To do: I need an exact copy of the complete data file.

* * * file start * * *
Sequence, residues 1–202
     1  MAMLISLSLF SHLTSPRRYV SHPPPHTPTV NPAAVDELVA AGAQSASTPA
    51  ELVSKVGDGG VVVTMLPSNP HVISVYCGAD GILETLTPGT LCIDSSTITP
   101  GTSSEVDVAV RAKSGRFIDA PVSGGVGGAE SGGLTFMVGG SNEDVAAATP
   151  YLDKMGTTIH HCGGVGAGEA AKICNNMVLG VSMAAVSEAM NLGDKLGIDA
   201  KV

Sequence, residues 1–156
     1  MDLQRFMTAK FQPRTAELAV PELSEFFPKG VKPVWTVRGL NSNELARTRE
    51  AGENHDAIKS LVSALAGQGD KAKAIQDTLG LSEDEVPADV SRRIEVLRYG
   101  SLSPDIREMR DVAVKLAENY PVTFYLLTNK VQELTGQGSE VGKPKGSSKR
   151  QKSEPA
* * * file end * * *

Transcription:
Sequence, residues 1–202
     1  MAMLISLSLF SHLTSPRRYV SHPPPHTPTV NPAAVDELVA AGAQSASTPA
    51  ELVSKVGDGG VVVTMLPSNP HVISVYCGAD GILETLTPGT LCIDSSTITP
   101  GTSSEVDVAV RAKSGRFIDA PVSGGVGGAE SGGLTFMVGG SNEDVAAATP
   151  YLDKMGTTIH HCGGVGAGEA AKICNNMVLG VSMAAVSEAM NLGDKLGIDA
   201  KV

Sequence, residues 1–156
     1  MDLQRFMTAK FQPRTAELAV PELSEFFPKG VKPVWTVRGL NSNELARTRE
    51  AGENHDAIKS LVSALAGQGD KAKAIQDTLG LSEDEVPADV SRRIEVLRYG
   101  SLSPDIREMR DVAVKLAENY PVTFYLLTNK VQELTGQGSE VGKPKGSSKR
   151  QKSEPA